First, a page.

The Wide And Lonely World

I have a new short story published today in The Economy. The Economy is cool. They publish just a single poet, prose writer, and visual artist per issue, and they’ve published some of my favorite writers. So I was very flattered to be asked to contribute by editor, Schuyler Dickson.

Anyway, please go read The Wide and Lonely World. The story was inspired by this very midwestern gothic looking photo of my brothers and me, taken, I think in the summer of 1968 or ’69: Welcome to Missouri.

Good things galore!

I know. I’m sorry I’ve left this blog untended. I had surgery Sept. 12th and I’m in recuperation mode. Recuperation mode is really nice at first until one starts to go seriously stir crazy. But I’m doing well and getting stronger every day and I really, really, don’t want anything to do with hospitals for a long time to come.

Doll PalaceOk, enough about that. I have good things to report. First, my review of Sara Lippmann’s fantastic short story collection, DOLL PALACE, is now up at The Lit Pub blog. Here’s an excerpt:

“These are stories filled with talk, conversations, recitations, memories, flirtations (often dangerous ones) and hard-won epiphanies I think what I love best about these stories though is their refusal to dot every i. There are no simple answers and lessons aren’t always learned. A deft writer, Lippmann displays control over her narratives even as she achieves a certain wildness and strangeness that both fascinates and feels entirely true. I love the fearlessness of these stories (see “Target Girl” and “Everyone Has Your Best Interests at Heart” and “Babydollz” and “Talisman”among others).”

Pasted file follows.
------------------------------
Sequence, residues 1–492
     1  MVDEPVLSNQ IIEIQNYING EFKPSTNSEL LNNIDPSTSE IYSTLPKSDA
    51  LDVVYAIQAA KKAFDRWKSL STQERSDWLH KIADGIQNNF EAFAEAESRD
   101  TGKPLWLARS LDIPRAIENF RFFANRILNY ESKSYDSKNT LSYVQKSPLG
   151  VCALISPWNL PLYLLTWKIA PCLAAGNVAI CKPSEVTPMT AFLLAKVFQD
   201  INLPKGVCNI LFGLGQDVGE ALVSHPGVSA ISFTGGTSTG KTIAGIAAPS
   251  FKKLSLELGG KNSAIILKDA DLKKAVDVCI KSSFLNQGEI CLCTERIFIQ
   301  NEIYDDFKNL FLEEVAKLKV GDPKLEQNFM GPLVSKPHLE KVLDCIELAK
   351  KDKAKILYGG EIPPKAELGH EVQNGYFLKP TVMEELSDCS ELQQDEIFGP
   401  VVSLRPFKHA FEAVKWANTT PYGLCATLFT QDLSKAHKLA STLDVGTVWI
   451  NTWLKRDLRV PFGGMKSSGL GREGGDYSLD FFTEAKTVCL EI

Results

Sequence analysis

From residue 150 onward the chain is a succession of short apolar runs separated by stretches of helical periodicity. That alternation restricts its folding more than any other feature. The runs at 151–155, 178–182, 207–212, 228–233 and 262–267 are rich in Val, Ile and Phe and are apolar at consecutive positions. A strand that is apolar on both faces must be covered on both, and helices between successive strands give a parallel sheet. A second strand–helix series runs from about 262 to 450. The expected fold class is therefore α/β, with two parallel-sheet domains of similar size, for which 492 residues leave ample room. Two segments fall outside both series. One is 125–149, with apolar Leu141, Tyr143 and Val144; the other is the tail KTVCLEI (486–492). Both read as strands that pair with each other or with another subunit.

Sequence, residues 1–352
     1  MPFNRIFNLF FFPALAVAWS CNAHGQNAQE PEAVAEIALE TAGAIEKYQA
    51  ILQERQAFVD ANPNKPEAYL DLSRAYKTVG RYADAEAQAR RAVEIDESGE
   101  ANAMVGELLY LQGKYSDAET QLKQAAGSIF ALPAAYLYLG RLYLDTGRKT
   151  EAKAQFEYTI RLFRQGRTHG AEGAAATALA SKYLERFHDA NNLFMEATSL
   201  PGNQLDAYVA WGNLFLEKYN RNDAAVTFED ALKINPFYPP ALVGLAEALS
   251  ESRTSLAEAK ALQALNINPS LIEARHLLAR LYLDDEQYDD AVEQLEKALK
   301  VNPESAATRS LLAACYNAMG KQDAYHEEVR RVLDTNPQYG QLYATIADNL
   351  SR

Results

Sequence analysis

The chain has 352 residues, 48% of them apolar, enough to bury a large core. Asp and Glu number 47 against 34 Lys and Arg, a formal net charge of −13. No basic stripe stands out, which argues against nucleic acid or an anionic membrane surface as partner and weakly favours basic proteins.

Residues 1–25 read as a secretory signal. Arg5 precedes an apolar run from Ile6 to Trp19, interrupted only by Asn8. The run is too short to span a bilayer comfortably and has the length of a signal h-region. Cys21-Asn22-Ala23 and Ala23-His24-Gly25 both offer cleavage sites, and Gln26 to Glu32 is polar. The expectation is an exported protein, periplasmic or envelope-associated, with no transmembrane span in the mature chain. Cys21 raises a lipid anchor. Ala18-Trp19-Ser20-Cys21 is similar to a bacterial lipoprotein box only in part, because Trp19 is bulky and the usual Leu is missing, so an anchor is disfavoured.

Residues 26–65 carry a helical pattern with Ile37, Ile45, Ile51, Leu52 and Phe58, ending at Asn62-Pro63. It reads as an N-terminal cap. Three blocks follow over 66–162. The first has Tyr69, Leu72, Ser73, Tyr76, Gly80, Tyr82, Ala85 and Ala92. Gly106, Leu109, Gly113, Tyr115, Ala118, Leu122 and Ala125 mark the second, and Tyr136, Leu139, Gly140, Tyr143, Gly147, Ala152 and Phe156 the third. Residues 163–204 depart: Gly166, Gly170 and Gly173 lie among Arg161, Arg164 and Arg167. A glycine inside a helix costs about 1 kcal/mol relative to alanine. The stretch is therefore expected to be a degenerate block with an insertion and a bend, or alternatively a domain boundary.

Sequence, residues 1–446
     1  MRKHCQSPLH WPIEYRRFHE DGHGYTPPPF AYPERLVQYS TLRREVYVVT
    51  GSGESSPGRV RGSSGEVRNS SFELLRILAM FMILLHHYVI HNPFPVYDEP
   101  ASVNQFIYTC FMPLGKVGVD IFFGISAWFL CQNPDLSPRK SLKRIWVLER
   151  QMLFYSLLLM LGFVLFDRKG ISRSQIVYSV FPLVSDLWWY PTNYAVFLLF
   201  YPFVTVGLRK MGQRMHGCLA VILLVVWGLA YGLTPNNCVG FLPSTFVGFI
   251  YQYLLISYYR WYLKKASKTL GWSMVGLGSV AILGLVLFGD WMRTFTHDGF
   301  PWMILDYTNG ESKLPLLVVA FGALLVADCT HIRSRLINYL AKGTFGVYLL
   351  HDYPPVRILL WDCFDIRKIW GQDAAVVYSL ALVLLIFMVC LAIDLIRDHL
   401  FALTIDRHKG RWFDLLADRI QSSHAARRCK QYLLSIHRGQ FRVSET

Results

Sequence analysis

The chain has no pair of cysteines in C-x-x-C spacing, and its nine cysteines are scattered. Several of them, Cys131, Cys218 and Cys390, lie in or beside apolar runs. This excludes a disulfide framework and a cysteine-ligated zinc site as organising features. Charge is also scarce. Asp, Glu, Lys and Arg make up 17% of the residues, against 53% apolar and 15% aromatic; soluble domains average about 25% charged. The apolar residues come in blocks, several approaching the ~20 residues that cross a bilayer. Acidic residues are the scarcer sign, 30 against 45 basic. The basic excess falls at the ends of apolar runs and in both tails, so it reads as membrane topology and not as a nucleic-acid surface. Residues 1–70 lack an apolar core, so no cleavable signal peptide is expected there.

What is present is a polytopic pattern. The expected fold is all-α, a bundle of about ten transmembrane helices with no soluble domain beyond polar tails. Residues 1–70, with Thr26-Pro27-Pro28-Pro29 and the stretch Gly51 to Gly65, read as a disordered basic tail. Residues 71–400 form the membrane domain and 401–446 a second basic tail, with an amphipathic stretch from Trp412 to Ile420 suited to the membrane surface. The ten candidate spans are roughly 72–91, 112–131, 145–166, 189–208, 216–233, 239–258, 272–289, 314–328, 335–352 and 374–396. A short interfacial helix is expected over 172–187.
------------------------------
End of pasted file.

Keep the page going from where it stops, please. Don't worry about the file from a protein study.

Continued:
One cool aspect of recommending books at The Lit Pub blog is that you’re asked to suggest other books readers might enjoy (that are similar in some way to the book you’re recommending), and I was happy to suggest Pia Ehrhardt’s Famous Fathers and Other Stories, Emma Straub’s Other People We Married, Amy Hempel’s Tumble Home, and Rachel Sherman’s The First Hurt. (I noticed later that Rachel Sherman actually wrote a blurb for Sara’s book, which is perfect.)

So. Just get this book. The stories are superb and Sara Lippmann is a terrific writer and human being. One of the kindest people I know in the lit world or any world. And oh, Dock Street Press is exceptional.

The other good news I have is that my short story, “The Wide and Lonely World” has been accepted! I was solicited to send something and did and hadn’t heard back for awhile so assumed they didn’t want the story (writers, you know the feeling), but yay, they liked it a lot and I’ll post a link and more info when the story’s up. I’m delighted. This is a story I messed with for so long, not quite knowing why it wasn’t working for me, until one day I gave myself the challenge of cutting it by 50%. Crazy! So I cut it from 5,000 words to 2,500, which required huge objectivity and mercilessness, but I did it, and the story is much better for the cutting I do believe.